Conclusions
We will relate the findings from the factor contributions by grade models to extant models of reading comprehension development.

Does home literacy longitudinally account for reading comprehension beyond the simple view of reading?

First Author/Chair:Elena Florit -- University of Padua
Additional authors/chairs: 
Maja Roch; M Chiara Levorato

Purpose
The present longitudinal study focused on reading comprehension (RC) of Italian first graders. The main aim was to analyze whether the informal literacy practices at home (HL; Sénéchal & LeFevre, 2014) longitudinally accounted for RC beyond the components of the Simple View of Reading (i.e., listening comprehension – LC, and decoding – D; Hoover & Gough, 1990).

Method
Participants were 151 Italian children (51% F; 76 months at T1) and their parents (91% mothers) tested at the beginning (T1) and at the end of the first grade (T2). Children were administered tests to assess non–verbal cognitive ability (NCA) and LC at T1, and D and RC at T2. Parents were administered a questionnaire and a checklist on HL and socio–economic information (SES) at T1. Hierarchical multiple regression analysis was carried out with RC as the dependent variable, SES and NCA as control (Step 1), LC and D (Step 2), and questionnaire and checklist on HL (Step 3) as predictors.

Results
The checklist on HL accounted for a significant amount of variance on later RC, over and above the significant contribution of LC and D.

Conclusions
Findings showed that the Simple View of Reading is valid and the HL is a direct longitudinal predictor of RC of young readers. Informal literacy practices, which are carried out spontaneously by parents before formal instruction, support later RC in addition to individual abilities.

Modeling parallel growth between word reading and reading comprehension in children from first through fourth grade

First Author/Chair:Laura M. Steacy -- Florida Center for Reading Research, Florida State University
Additional authors/chairs: 
Hugh W Catts; Donald L Compton

Purpose
Multiple studies have modeled growth and the correlates of change for word reading (WR) and reading comprehension (RC) separately (e.g., Oakhill & Cain, 2012). However, very few studies have simultaneously modeled parallel growth using a single model incorporating important child-level covariates. The purpose of this study was to model WR and RC development in children from first to fourth grade. We were particularly interested in identifying common and unique covariates of growth across WR and RC.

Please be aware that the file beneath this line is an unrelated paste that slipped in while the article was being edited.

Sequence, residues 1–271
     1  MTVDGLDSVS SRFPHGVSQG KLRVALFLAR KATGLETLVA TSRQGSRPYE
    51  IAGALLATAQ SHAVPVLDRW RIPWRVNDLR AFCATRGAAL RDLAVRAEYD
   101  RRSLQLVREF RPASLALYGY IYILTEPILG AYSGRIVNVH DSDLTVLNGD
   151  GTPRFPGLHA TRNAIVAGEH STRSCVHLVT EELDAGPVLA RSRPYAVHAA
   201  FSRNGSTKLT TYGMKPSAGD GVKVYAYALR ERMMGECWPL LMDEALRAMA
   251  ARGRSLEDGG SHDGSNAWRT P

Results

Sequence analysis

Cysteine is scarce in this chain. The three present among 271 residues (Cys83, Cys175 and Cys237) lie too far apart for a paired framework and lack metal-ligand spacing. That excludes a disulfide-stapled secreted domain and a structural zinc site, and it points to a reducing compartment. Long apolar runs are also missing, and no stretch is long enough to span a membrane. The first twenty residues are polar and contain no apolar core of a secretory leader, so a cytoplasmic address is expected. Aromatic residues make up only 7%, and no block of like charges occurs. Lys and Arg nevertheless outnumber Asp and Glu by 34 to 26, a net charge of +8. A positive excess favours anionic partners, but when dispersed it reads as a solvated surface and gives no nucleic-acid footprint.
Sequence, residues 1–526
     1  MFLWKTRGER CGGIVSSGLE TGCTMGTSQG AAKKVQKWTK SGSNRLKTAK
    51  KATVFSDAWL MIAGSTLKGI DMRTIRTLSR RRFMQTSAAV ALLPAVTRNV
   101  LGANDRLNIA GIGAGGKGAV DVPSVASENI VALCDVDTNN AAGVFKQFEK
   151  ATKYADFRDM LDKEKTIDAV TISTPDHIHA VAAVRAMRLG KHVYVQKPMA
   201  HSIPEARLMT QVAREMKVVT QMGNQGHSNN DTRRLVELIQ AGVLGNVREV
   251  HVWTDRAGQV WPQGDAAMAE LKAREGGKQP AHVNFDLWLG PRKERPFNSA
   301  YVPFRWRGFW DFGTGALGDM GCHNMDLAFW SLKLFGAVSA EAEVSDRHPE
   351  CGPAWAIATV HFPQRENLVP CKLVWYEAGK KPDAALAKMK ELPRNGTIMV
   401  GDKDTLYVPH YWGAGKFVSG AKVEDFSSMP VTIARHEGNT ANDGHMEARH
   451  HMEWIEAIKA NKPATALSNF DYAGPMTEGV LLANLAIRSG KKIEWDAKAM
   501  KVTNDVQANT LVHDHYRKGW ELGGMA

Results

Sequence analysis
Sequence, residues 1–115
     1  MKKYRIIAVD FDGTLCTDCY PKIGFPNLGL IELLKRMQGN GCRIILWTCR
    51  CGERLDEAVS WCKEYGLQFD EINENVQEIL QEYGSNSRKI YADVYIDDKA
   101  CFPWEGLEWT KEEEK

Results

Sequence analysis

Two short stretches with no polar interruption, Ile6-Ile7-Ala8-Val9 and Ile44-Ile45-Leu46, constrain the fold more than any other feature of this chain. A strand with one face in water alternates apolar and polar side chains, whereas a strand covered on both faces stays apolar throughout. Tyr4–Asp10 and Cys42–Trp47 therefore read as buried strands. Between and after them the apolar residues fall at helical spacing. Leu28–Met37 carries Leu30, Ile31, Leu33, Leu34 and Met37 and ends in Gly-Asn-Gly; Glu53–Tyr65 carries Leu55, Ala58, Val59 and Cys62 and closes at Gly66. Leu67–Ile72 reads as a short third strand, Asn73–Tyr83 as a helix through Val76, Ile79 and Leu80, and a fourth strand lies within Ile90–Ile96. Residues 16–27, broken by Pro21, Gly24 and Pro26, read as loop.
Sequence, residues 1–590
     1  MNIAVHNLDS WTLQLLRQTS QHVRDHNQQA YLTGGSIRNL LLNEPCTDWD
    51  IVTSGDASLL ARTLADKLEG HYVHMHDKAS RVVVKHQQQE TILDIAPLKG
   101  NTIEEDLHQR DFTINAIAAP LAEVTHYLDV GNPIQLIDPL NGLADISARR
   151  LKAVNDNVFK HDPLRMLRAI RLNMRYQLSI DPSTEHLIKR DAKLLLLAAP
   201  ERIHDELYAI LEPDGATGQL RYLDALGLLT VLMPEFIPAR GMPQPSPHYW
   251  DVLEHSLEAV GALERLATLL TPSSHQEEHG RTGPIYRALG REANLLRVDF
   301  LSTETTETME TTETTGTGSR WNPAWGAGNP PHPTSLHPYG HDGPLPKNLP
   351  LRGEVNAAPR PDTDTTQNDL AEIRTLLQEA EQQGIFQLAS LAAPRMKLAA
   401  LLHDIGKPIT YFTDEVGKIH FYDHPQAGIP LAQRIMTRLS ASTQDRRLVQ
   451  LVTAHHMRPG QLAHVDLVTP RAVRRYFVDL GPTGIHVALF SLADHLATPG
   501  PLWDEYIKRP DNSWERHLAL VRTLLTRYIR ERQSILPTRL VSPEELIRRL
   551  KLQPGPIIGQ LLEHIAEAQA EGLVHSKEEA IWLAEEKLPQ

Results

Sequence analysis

Method
We modeled parallel growth (N= 588) between WR (WJ-III Word Identification) and RC (WJ-III Passage Comprehension) using latent growth modeling. Variance in the growth parameters was modeled using the following covariates: teacher rating of effort, attention, RAN, PA, vocabulary, listening comprehension, and nonword decoding.

Results
The best fitting model consisted of random intercepts, random slopes, and a fixed quadratic term for both WR and RC. We centered the model with the intercept corresponding to the end of second grade assessment. The overall model fit was adequate (χ2 (20) = 147.81, p<.05; RMSEA=.104; CFI=.977; TFI=.968). The correlations between WR and RC growth parameters were substantial (rintercepts =.97; rslopes =.88). For the intercepts, common predictors included teacher rating of effort, attention, RAN, PA, vocabulary, and nonword decoding. Listening comprehension was a unique predictor of RC intercept. For the slopes, common predictors were attention, listening comprehension, and nonword decoding. PA was a unique predictor of RC slope.

Conclusions
Results indicate that during early reading development growth in WR and RC are highly correlated sharing many of the same covariates.

Oral vocabulary, word reading and reading comprehension: What are the relationships in early adolescence?

First Author/Chair:Jessie Ricketts -- Royal Holloway, University of London
Additional authors/chairs: 
Nicola Dawson; Charles Hulme

Purpose
As part of the Vocabulary and Reading in Secondary School (VaRiSS) project, longitudinal data are being collected to probe the relationships between oral vocabulary and reading in early adolescence. In addition to hypothesising that there would be direct reciprocal relationships between oral vocabulary and reading comprehension, we sought to investigate whether oral vocabulary would predict growth in: (i) word reading (Nation & Snowling, 2004; Ricketts, Nation, & Bishop, 2007); and (ii) reading comprehension indirectly via word reading (Tunmer & Chapman, 2012; Wagner, Herrera, Spencer, & Quinn, 2014).

Method
We present data from the first two phases of the VaRiSS project. A battery of tasks assessing oral vocabulary and reading comprehension was administered to an unselected sample of 210 participants at ages 12 (M = 12.01, SD = .33) and 13 (M = 13.07, SD = .34) years.

Results
Autoregressive structural equation models indicated extremely high longitudinal stability in latent variables indexing oral vocabulary, word reading and reading comprehension performance. Beyond this, there was no evidence of cross loadings between constructs.

Conclusions
In early adolescence oral vocabulary, word reading and reading comprehension ability appear to have remarkably high longitudinal stability, with oral vocabulary at 12 years explaining almost all variance in oral vocabulary at 13 years and similarly reading at 12 years (both word reading and reading comprehension) strongly predicting reading at 13 years. The very high longitudinal stability of these constructs suggests there is very little room for reciprocal influences between them in this period of development.